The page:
One Small Step for Students, One Giant Leap for the World

A look into organizations promoting discussion of anti-racism among youth


By Amanda Altarejos, Junior Managing Editor

The theme of this school year is “Ardent Love of Neighbor.” What exactly does that mean, though?

At the core of this phrase is the understanding that as Marist students, we strive to welcome and love all those around us regardless of differences in religion, race, sexual orientation, and ability. And it is important that we take our passion for empathy and hospitality with us wherever we go.

During these past few months, our country has experienced turmoil and a heightened awareness of the divisions among our communities. This awareness has brought up in many the desire for change in education, equality, and justice. In fact, many students across America have taken the initiative to establish or participate in projects that focus on inclusion, anti-racism, and raising awareness in hopes of learning more about the things we as students can do to spread “ardent love” to all those around us. 

The ARE Project, short for Anti-Racism Education, is a worldwide organization founded by current Stanford University student Sasha Ronaghi. Ronaghi started the project to “connect teenagers” in a conversational learning environment. “When young people have these types of conversations,” Ronaghi told USA Today, “they will feel inspired to change the world.” ARE focuses on interpreting different forms of media that cover topics such as the civil rights movement, police brutality, and discrimination within the legal/educational systems. These works analyze the detrimental impacts of racism on minorities; some also put the reader in the shoe’s of people discriminated against, and thus informs us the importance of anti-racism.

Dozens of student organizers from around the world participate in inclusive monthly meetings to discuss the importance of being actively anti-racist. To be anti-racist evokes passionate empathy and love for all by outwardly taking the initiative to combat racism. It is more than merely being opposed to prejudice based on the color of one’s skin; being anti-racist means continuously calling out these biased acts or words.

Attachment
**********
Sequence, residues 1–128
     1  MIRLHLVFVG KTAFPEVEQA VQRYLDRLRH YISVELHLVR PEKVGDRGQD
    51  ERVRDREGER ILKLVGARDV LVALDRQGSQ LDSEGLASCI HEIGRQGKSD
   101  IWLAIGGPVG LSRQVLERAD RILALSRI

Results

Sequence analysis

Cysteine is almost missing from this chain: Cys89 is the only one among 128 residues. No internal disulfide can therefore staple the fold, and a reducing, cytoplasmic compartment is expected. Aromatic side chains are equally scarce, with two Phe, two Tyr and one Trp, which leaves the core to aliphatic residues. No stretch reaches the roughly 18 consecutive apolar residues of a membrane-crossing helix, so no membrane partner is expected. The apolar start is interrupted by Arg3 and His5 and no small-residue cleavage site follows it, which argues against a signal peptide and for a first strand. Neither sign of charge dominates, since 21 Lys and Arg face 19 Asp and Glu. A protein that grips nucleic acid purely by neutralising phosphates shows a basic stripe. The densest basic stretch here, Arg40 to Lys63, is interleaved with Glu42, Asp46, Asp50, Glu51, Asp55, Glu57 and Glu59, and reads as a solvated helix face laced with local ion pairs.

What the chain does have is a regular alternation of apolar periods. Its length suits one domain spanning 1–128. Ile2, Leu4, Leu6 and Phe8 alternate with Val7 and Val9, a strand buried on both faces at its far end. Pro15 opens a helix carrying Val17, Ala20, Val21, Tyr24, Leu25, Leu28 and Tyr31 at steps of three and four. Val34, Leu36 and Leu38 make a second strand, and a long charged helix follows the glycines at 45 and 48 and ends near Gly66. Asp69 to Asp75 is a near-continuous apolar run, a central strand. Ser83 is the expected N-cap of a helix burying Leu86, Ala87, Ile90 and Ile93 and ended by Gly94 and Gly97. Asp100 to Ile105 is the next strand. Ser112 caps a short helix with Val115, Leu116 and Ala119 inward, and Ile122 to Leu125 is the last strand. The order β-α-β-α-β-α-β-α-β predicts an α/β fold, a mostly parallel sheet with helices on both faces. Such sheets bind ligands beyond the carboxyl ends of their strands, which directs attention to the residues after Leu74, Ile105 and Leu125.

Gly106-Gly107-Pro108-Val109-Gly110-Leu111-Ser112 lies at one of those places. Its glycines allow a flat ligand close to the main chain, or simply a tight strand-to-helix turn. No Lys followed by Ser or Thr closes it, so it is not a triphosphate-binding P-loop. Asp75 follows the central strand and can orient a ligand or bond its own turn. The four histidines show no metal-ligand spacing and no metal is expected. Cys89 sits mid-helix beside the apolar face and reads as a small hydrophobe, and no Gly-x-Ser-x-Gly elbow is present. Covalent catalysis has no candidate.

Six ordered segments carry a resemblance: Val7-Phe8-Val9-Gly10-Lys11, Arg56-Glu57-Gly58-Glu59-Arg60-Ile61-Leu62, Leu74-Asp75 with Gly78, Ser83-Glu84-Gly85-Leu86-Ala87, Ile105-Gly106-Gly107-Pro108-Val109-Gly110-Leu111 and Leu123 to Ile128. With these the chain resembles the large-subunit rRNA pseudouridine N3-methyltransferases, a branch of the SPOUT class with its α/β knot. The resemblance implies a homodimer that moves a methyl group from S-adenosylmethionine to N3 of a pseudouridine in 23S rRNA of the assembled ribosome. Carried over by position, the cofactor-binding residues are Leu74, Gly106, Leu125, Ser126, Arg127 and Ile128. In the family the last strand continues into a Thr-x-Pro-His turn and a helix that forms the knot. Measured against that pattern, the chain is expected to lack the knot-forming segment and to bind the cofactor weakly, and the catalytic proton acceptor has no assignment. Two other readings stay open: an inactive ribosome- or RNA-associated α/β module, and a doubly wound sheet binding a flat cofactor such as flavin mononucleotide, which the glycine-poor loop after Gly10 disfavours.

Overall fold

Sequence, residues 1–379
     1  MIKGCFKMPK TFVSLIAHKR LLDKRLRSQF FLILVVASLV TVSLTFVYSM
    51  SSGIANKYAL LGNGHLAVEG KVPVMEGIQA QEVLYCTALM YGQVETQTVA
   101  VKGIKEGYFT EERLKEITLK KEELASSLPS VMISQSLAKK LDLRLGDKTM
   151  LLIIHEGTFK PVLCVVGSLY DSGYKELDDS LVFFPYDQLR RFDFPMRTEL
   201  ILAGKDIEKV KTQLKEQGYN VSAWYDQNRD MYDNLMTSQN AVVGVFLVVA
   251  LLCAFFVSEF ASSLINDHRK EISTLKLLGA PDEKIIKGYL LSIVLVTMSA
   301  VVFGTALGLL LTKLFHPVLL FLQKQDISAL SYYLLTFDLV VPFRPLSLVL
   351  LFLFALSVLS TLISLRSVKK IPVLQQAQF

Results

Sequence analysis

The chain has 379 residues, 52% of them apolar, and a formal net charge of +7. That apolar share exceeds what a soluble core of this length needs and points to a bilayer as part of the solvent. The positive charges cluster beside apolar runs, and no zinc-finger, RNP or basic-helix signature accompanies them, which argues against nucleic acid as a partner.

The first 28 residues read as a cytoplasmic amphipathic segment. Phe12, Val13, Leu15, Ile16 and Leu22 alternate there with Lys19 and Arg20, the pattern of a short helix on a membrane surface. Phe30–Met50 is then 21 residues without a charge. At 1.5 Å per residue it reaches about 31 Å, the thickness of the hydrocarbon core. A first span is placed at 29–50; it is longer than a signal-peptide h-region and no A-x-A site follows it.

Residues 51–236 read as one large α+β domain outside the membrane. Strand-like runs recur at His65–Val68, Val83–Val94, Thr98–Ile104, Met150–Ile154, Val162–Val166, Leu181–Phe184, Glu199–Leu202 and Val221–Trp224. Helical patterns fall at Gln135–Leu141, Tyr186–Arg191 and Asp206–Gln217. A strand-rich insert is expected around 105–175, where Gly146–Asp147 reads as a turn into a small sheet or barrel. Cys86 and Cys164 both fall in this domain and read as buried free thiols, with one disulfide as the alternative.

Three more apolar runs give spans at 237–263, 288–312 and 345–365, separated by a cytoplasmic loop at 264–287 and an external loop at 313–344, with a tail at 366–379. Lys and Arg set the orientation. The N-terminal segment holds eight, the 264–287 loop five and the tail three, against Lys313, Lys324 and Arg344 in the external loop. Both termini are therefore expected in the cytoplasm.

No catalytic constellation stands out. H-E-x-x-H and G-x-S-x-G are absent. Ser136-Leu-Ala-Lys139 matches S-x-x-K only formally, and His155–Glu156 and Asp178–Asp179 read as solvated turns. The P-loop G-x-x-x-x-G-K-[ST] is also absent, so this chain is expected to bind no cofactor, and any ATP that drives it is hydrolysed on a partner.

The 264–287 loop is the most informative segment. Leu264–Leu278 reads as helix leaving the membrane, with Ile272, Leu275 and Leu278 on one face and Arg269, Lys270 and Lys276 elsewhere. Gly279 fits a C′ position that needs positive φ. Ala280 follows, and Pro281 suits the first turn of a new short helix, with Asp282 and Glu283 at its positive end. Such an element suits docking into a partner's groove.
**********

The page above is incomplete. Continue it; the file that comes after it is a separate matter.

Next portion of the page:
Many of those participating are highschoolers wanting to take part in a supportive community that embraces learning about the impacts of racism on American minorities, even after the headlines move on. Jack Bellows ‘22, a junior at Marist, decided to join the ARE Project because “I Want to talk with people my age about how racism impacts all of us,” said Jack Bellows ‘22, who recently joined the ARE Project. The organization encourages people to have conversations that use the knowledge they gain from discussions and others’ experiences, ultimately stimulating the growth of “ardent” love and solidarity for all through anti-racism. 

Another student-focused organization is the Grassroots Law Project. It revolves around seminars that, like those of the ARE project, bring light to the prejudices that minority communities in this country face within the legal system. Amari Parker ‘22, who is also a member of the ARE project, joined Grassroots to “have access to the resources that I needed to become a leader in my community.” With the leadership tools this project provides, members can advocate for the acceptance of all people. 

We show love to our neighbors through simple acts like holding open doors to the more challenging task of being inclusive to all and listening to those who are struggling. The embodiment of love is wonderfully different between every person. During times like these, it is important to remember that love for others is also a warm embrace and willingness to step forward in light of one’s struggles.